I propose that software engineers working in the informational realm be titled infoneers. To the extent they use models of informational behavior to design and implement new “methods, devices, or systems,” then they are as much engineers as physineers. They simply implement their work in a different realm, one that has its own set of entropic concerns. Rather than worrying about rust, or electrical noise, or structural fatigue, infoneers must deal with data integrity, network availability, and transactional states. So infoneers need less knowledge about physics than do physineers, but require a greater awareness of software and data theory. The function of infoneers, however, remains the same as other engineers–to implement an abstraction. If the work doesn’t lead to new code, or a new database, or a new application, then it’s not engineering.
I’ll even make the case, though it pains me to do so, that certain forms of “social engineering” can legitimately be considered engineering. If one uses models of human behavior to design a new means for altering social behavior, then that person seems to fall within my definition of an engineer. (Are marketers such individuals?) I’ll call engineers who work in the social realm to be socianeers. We can even start to match up fields of science with our new engineering descriptors. Physical scientists develop models that can be used by physineers, informational scientists create models used by infoneers, and social scientists advance models used by socianeers. However, each realm has distinct differences, and behavioral properties that are not easily mastered. Thus, crossing realms is difficult. Each has a different set of analytic tools, as well as different idioms to describe pertinent characteristics. However, though difficult, we’ll eventually see engineers starting to share approaches between realms.
Traditional engineering has already blurred the lines between physical realm sub-fields. We now have cross-discipline specialists in areas such as mechatronics, nanorobotics and bioprocessing. As technology advances, we will also begin to see cross-realm specializations. Perhaps an infostructural engineer will be concerned with how traffic and weather data is used to actively modify the structural properties of a bridge. Or a biovirtualization engineer will find ways to use time spent in a virtual environment to improve personal health. So I propose that we accept a wider definition of engineering, one that incorporates the possibility of realms beyond the traditional physical domain.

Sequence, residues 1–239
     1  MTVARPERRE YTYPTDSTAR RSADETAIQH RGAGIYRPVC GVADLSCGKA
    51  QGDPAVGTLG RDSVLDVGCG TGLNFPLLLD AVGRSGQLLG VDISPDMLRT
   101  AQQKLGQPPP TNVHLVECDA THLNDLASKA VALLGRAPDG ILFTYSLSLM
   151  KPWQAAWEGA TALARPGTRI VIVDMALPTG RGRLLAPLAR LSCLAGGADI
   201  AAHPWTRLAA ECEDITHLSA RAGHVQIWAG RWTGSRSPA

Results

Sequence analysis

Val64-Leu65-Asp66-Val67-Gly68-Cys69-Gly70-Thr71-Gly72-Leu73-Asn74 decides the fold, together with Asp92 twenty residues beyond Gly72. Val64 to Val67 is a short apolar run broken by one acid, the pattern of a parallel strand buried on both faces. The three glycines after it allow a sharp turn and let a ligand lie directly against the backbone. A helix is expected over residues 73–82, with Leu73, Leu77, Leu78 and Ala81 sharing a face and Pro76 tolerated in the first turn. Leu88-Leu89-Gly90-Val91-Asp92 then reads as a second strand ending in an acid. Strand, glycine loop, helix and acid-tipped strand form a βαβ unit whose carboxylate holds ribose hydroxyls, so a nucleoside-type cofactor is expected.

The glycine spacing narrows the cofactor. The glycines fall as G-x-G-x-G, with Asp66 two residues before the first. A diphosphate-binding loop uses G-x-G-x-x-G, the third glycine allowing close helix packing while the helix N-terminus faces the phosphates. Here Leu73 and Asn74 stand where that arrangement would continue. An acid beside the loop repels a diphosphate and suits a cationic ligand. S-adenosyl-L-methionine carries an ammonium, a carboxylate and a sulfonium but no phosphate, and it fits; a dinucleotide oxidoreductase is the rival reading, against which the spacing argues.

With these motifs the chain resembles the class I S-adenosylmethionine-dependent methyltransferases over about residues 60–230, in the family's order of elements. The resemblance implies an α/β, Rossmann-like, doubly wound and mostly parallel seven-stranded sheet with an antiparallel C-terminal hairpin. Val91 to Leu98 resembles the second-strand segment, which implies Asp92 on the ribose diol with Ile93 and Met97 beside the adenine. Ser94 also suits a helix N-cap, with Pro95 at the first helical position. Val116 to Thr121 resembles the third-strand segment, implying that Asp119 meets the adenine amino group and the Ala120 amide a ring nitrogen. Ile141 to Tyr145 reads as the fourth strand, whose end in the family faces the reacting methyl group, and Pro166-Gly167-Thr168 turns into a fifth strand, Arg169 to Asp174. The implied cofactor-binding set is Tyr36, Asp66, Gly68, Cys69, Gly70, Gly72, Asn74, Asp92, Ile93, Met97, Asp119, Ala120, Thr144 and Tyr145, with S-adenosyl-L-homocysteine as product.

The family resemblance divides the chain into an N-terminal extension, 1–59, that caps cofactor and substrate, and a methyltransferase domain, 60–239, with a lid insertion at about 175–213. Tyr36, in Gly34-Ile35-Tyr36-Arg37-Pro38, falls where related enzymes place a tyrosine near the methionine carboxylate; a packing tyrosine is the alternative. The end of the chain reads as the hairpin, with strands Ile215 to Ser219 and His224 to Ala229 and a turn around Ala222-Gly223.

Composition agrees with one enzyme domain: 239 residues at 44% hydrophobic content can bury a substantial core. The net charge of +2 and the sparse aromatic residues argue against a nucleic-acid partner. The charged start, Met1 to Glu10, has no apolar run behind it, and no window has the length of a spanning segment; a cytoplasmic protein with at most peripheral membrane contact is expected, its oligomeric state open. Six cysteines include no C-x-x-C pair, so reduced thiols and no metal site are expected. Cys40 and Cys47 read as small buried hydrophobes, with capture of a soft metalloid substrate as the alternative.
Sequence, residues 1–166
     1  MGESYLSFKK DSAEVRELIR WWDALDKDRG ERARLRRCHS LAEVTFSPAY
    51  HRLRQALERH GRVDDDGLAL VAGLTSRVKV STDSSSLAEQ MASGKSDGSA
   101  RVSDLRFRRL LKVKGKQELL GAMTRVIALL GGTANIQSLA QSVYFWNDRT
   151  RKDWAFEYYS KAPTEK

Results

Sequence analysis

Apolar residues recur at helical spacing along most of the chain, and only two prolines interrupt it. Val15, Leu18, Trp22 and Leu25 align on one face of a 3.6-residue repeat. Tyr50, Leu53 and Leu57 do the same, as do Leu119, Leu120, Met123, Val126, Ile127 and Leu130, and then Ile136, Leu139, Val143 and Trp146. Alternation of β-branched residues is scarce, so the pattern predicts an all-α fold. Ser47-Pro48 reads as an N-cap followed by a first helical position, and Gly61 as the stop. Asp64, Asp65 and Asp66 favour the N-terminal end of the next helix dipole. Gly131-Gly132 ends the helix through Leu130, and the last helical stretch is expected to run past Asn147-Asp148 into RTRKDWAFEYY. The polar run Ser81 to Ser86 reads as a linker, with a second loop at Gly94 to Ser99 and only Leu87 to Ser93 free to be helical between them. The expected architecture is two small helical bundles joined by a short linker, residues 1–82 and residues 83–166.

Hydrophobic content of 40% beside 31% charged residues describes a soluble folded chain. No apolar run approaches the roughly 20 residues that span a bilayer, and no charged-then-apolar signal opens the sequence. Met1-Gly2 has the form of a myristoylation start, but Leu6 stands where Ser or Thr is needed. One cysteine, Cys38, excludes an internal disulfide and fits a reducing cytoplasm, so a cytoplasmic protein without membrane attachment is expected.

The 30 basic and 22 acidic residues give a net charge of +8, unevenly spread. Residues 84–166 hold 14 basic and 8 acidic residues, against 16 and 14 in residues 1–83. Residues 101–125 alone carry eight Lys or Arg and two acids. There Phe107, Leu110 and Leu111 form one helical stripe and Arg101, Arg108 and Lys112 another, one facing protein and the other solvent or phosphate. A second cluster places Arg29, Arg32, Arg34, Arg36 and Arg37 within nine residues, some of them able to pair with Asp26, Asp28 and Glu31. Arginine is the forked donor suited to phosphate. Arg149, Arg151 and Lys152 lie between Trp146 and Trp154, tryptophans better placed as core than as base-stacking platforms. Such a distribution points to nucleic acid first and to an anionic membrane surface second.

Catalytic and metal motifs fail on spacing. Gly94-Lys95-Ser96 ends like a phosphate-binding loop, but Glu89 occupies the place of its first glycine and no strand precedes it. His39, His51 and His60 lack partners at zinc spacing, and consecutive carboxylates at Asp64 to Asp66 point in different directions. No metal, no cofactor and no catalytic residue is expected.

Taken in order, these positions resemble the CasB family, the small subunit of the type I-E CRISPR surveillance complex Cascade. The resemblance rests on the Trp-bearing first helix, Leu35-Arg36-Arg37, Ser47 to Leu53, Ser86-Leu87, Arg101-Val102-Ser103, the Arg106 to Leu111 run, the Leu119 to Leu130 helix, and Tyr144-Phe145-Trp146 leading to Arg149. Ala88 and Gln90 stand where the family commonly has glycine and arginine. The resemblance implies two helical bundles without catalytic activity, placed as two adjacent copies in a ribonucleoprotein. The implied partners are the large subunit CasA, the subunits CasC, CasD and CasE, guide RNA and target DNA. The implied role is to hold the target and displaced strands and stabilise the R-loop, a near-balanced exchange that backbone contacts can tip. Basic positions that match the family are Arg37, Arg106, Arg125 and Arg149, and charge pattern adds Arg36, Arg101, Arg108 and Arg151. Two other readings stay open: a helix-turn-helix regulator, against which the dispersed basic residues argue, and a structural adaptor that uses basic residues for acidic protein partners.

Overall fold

And what do all engineers have in common? They implement new things in a manner that finds an intelligent compromise between competing constraints in the realm of their expertise.
Of course, that’s just my opinion. What do you think?
3 replies on “What engineers have in common (part 3)”
Very interesting series. Okay I was little negative on software developers being called “engineers” but you’ve convinced me there’s room at the table, so long as we understand what each discipline brings with it.
Thanks for reading through the entire series. It’s a bit lengthy, but I wanted to establish some groundwork for future posts. If asked about this a month ago, I would have, like you, protested having software developers being called engineers. But in thinking about what activities engineers carry out, I came to a different conclusion. If I’ve swayed your opinion, then I’m pleased, as I must not have come across as a total raving loon.
I don’t know that the term “physineer” will ever make it into the popular lexicon, but the engineering community needs to make the wider public aware that asking for an “engineer” is like asking for an “vehicle.” One might end up with a bicycle, or a race car, or a boat, or maybe a train. While all provide transportation, they each have their own strengths, limitations, and domains of operation. That’s why we have different names for each type of vehicle.